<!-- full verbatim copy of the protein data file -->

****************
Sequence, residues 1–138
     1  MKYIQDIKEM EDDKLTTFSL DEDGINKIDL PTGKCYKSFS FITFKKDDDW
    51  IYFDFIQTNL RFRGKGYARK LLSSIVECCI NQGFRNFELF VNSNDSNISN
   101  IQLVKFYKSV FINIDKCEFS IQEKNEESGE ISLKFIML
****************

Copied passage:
Sequence, residues 1–138
     1  MKYIQDIKEM EDDKLTTFSL DEDGINKIDL PTGKCYKSFS FITFKKDDDW
    51  IYFDFIQTNL RFRGKGYARK LLSSIVECCI NQGFRNFELF VNSNDSNISN
   101  IQLVKFYKSV FINIDKCEFS IQEKNEESGE ISLKFIML